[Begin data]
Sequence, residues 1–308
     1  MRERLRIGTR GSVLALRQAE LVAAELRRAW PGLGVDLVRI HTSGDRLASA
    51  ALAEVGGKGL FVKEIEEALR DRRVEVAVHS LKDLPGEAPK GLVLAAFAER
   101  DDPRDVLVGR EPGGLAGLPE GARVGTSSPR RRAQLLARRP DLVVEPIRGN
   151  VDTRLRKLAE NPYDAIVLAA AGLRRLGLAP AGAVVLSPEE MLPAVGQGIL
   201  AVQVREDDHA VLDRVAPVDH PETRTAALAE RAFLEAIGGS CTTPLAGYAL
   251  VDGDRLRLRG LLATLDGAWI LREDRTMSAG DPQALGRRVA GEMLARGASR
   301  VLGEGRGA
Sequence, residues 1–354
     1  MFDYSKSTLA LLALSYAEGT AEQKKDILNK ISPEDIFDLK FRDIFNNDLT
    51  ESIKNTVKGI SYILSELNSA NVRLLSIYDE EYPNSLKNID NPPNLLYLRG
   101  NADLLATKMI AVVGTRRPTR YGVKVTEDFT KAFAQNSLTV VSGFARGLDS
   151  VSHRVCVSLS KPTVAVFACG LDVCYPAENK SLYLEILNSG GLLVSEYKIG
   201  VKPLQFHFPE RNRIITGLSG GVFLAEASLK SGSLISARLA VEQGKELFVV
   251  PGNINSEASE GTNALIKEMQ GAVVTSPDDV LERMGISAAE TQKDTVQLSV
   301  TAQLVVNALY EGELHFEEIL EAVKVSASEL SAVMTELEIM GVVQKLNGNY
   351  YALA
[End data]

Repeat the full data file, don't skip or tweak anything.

Sequence, residues 1–308
     1  MRERLRIGTR GSVLALRQAE LVAAELRRAW PGLGVDLVRI HTSGDRLASA
    51  ALAEVGGKGL FVKEIEEALR DRRVEVAVHS LKDLPGEAPK GLVLAAFAER
   101  DDPRDVLVGR EPGGLAGLPE GARVGTSSPR RRAQLLARRP DLVVEPIRGN
   151  VDTRLRKLAE NPYDAIVLAA AGLRRLGLAP AGAVVLSPEE MLPAVGQGIL
   201  AVQVREDDHA VLDRVAPVDH PETRTAALAE RAFLEAIGGS CTTPLAGYAL
   251  VDGDRLRLRG LLATLDGAWI LREDRTMSAG DPQALGRRVA GEMLARGASR
   301  VLGEGRGA
Sequence, residues 1–354
     1  MFDYSKSTLA LLALSYAEGT AEQKKDILNK ISPEDIFDLK FRDIFNNDLT
    51  ESIKNTVKGI SYILSELNSA NVRLLSIYDE EYPNSLKNID NPPNLLYLRG
   101  NADLLATKMI AVVGTRRPTR YGVKVTEDFT KAFAQNSLTV VSGFARGLDS
   151  VSHRVCVSLS KPTVAVFACG LDVCYPAENK SLYLEILNSG GLLVSEYKIG
   201  VKPLQFHFPE RNRIITGLSG GVFLAEASLK SGSLISARLA VEQGKELFVV
   251  PGNINSEASE GTNALIKEMQ GAVVTSPDDV LERMGISAAE TQKDTVQLSV
   301  TAQLVVNALY EGELHFEEIL EAVKVSASEL SAVMTELEIM GVVQKLNGNY
   351  YALA